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Physical development, and progression to professional soccer, of elite child and adolescent academy players

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The research described within this thesis was undertaken to investigate the physical development, and progression to professional soccer, of elite child and adolescent academy players.

Firstly, a detailed understanding of professional practitioners perceptions of physical performance in soccer was developed. Secondly, a valid and reliable battery of physical field tests was established to examine the physical performance characteristics of elite child and adolescent soccer players. Finally, this battery of physical performance tests was administered to elite child and adolescent players in English professional soccer academies over a three year period.

Coaches (n=170), fitness professionals (n=172) and players (n=101) perceptions of physical performance in soccer were assessed by means of a questionnaire.

Speed was considered the principle physical attribute by coaches, with 80.5% deeming it as very important .

Most coaches (88.8%), fitness professionals (93.0%) and players (89.1%) believed the relative importance of each physical attribute differed according to playing position.

A players physical attributes were regarded by coaches as important (44.1%) and very important (41.8%) in the process of offering professional playing contracts.

Most coaches (71.2%), fitness professionals (68.6%) and players (65.3%) thought international players physical attributes were different to club players.

Nearly all coaches (93.5%), fitness professionals (86.6%) and players (83.2%) believed the physical attributes of players had become more important in the modern day game.

It was widely considered by coaches (73.5%), fitness professionals (52.9%) and players (74.3%) that players from certain ethnic groups were naturally more physically able.

Logical validity of physical performance testing was demonstrated by the majority of coaches (97.0%), fitness professionals (93.5%) and players (83.1%) considering testing to be an important aspect of preparation in soccer. Construct validity of vertical jump (RJ; CMJ; CMJA), sprint (10 m and 20 m) and agility tests was shown by their ability to distinguish between different age groups (p<0.01) and ability groups (p<0.05) of players.

Absolute reliability of the physical performance tests was established with repeatability on the vertical jump tests ranging from 3.2 cm to 3.5 cm for the RJ and CMJA, respectively, whilst repeatability on the sprint tests ranged from 0.07 s to 0.24 s on the 10 m sprint and agility test, respectively. ICC and PCC values to assess the relative reliability of the physical performance tests were all high (>0.90) ranging from 0.96 for the agility test to 0.99 for the 20 m sprint.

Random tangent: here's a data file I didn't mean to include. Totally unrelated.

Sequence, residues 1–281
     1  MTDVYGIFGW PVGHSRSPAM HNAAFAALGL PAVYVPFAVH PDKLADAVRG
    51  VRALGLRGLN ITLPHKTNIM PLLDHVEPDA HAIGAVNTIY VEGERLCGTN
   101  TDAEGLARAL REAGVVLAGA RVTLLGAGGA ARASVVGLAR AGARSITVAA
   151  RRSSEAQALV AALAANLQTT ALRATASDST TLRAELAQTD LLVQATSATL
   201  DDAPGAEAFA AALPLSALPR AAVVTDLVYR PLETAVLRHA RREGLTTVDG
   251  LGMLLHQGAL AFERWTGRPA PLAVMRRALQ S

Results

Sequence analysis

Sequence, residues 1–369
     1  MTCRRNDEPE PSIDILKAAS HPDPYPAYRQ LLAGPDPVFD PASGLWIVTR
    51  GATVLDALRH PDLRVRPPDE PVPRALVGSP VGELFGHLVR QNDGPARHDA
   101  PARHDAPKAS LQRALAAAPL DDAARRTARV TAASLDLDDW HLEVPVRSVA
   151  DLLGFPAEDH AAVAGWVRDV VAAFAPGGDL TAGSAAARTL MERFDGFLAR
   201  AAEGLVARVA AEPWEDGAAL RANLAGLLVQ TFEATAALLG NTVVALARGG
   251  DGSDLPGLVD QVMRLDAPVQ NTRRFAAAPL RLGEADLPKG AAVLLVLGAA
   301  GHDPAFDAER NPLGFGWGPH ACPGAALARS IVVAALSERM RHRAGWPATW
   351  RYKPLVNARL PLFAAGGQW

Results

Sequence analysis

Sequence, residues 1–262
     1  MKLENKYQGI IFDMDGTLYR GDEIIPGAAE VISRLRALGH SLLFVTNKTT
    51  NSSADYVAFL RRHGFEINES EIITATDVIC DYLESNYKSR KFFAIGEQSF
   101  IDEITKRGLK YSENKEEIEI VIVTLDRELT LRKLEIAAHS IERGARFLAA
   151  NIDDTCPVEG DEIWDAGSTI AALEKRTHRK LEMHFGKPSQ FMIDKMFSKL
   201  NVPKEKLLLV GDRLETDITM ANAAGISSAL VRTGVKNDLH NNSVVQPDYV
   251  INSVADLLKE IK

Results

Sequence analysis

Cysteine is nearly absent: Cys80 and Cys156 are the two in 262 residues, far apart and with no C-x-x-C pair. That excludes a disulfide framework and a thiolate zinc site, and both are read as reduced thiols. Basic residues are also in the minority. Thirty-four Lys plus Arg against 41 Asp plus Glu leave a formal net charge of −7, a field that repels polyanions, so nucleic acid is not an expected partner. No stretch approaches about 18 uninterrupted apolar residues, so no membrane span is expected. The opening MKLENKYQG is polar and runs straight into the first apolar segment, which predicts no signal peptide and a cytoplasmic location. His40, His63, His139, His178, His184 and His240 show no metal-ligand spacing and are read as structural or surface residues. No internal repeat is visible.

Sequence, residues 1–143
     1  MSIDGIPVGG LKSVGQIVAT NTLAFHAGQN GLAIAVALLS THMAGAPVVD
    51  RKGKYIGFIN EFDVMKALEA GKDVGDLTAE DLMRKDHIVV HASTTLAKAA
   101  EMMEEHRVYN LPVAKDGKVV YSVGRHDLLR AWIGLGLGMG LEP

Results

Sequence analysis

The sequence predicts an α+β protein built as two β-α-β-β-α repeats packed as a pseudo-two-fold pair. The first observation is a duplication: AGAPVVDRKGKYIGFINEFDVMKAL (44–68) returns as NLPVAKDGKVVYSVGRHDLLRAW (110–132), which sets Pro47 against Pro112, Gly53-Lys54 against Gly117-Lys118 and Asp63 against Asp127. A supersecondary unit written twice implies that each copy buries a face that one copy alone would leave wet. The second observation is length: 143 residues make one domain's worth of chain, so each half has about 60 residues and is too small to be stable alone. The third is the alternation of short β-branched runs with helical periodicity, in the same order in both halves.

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 editors comments   

Editor's comments -  [ The above is the abstract from an original PhD thesis; the final publication in the study for the author in pursuit of a doctorate; such works result in the author being awarded a PhD and the title of Dr. by an appropriately accedited University. PhD's are the culmination of a number of years work by the author supervised by two (normally PhD or MPhil qualified) academics and, with the addition of a further appropriately qualified academic (not normally from the same University) as part of a viva-voce examination team. Successful research work at PhD level is designed to add to the body of knowledge in the study area at some level.  

A PhD thesis often forms the foundation for journal articles for the author and leads to further enquiry in the form of what is called post-doctoral research. These works are characterised by comprehensive literature reviews, sometimes traditional yet multiple (and often mixed) methods, interesting if not ground breaking discussions and always directional signs toward further research; they provide for undergraduates not only a model for the possibilities for further study but a gift in terms of references in any given subject areas.

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Our best advice is to reference list internet sourced theses as ‘published’….  ie.;  Author, (date). Title (emphasised). Place of publication and (university) publisher. Available from: URL reference.  See our example reference below. ]  

 

APA reference for this document

 

Reference :    Hulse, M.A. (2010). Physical development, and progression to professional soccer, of elite child and adolescent academy players. PhD Thesis. Loughborough: Loughborough University. Available at http://hdl.handle.net/2134/6767

 

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Last Updated on Tuesday, 31 July 2012 12:21